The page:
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Use human rights law to protect elderly lynching victims, Kenya advised

22 October 2021 - 21:10

By Janet Sankale

Janet.sankale@jfjustice.net

The Kenyan government has been asked to sign, ratify, and implement an international human rights treaty to help protect elderly people who are increasingly being targeted for lynching and other forms of violence with the ultimate aim of dispossessing them and their families.

A consortium of 22 civil society organisations said the Protocol to the African Charter on Human and Peoples’ Rights (ACHPR) on the Rights of Older Persons in Africa provides for the protection of the property, land, and inheritance rights of older women.

The protocol in Article 8 prohibits abuse from harmful traditional practices and specifically calls on governments, in Article 8(2), to “take all necessary measures to eliminate harmful traditional practices, including witchcraft accusations, which affect the welfare, health, life, and dignity of older people, particularly older women”.

Representatives of the organisations, who spoke at Fairview Hotel, Nairobi, Kenya, during celebrations to mark the 40th anniversary of the adoption of the African Charter on Human and Peoples’ Rights, condemned the lynching of four older women in Kisii County on October 17, 2021.

They termed the killings as “abominable, discriminatory, unjust, dehumanising, and deeply oppressive”, and expressed concern that the trend largely targeted old and poor widows in Gusii. The four women from Bomokona village in Marani were lynched on allegations that they had bewitched a Form Four student who, according to police records, was unable to speak.

“This barbaric behavior is usually sanctioned by some members of the communities where these acts are rampant. There are many reports of very close family members (including women) colluding to instigate this violence, harass, intimidate, maim, and even murder widows by hacking them to pieces and/or burning them alive,” they said in a statement released at a press conference on Thursday, October 21, 2021.

They added that most of the cases show a connection between the violent acts and resource conflicts, especially land issues, and termed the killings as “driven by greed, selfishness, misogyny, and deeply held patriarchal assumptions and values that devalue girls’ and women’s lives”.

They said it was telling that one of the latest “witch burning” victims had buried her husband just two weeks before.

They explained that most of the approximately six victims lynched in Gusii every month are widows whose accusers are relatives from the families of their deceased husbands. The accusations are traceable to land scarcity, greed, selfishness, and misogyny, and are emboldened by the community’s attitude and social stigma associated with witchcraft.

“Consequences of lynching include the stigmatisation of the family of the ‘witch’ and forcible removal of the ‘witch’s’ family from the area, only for the accusers to appropriate for themselves the land,” the statement said.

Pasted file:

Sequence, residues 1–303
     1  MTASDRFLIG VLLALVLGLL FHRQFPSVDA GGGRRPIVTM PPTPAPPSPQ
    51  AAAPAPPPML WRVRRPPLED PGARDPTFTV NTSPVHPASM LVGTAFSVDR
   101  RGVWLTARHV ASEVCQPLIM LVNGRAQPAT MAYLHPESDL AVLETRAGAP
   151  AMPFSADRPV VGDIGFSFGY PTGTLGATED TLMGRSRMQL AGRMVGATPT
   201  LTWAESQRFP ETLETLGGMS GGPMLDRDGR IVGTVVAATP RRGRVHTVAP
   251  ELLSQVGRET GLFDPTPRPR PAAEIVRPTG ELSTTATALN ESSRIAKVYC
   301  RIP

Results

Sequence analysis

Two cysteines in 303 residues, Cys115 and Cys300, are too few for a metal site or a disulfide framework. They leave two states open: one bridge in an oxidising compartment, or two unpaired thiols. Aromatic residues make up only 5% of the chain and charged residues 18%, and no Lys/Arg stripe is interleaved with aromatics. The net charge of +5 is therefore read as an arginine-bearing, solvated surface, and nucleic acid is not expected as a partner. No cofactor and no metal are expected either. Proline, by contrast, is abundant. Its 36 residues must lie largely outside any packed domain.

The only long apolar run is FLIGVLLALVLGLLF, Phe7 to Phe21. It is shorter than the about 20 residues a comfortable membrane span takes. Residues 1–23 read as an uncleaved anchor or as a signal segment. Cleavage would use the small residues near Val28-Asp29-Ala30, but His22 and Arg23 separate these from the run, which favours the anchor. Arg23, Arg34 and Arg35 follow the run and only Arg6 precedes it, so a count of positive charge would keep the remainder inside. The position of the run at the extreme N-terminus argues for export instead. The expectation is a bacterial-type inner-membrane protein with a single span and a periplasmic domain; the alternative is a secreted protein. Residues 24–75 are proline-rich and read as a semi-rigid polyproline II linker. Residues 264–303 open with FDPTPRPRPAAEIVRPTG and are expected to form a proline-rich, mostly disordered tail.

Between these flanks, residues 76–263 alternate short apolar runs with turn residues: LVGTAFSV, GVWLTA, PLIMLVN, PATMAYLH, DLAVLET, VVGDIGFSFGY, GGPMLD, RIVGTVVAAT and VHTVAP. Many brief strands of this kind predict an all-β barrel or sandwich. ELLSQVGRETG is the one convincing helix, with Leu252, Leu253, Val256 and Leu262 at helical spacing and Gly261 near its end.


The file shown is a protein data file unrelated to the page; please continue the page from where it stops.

The consortium demanded that the National Police Service undertake a thorough and speedy investigation into the latest killings and asked the Office of the Director of Public Prosecutions to prosecute the people found to have been involved.

The organisations expressed concern that some older people suffering from dementia, Alzheimer’s, or Parkinson’s disease had been accused of practising witchcraft as a precursor to their being lynched and their property illegally acquired.

They asked the Cabinet secretary for Health to create awareness on mental illnesses affecting older persons to stem the accompanying stigma.

The National Land Commission was urged to investigate and resolve all cases of land disputes and other property injustices in Gusii, Kilifi, and other places, where older people have been murdered and their property illegally taken away from their surviving spouses and families.

They called on leaders from those areas to courageously speak out against such practices and work with community members, civil society groups, government officials, and other partners to bring about change in attitudes.

The African Charter on Human and Peoples’ Rights is an international instrument that is intended to promote and protect human rights and basic freedoms on the African continent. In 1979, the Assembly of Heads of State and Government of the then Organisation of African Unity (OAU), which later became the African Union (AU), adopted a resolution calling for the creation of a committee of experts to draft continent-wide human rights instruments similar to those that existed in Europe and America.

The committee produced a draft that was unanimously approved at the OAU’s 1981 assembly.

According to Article 63, the ACHPR came into effect on October 21, 1986. This date is celebrated annually as the African Human Rights Day.

By virtue of Article 30 of the African Charter, the ACHPR was established as an enforcement mechanism for the charter. It is composed of 11 commissioners, nationals of the member states of the AU, elected in their individual capacity. Its headquarters is in Banjul, The Gambia.

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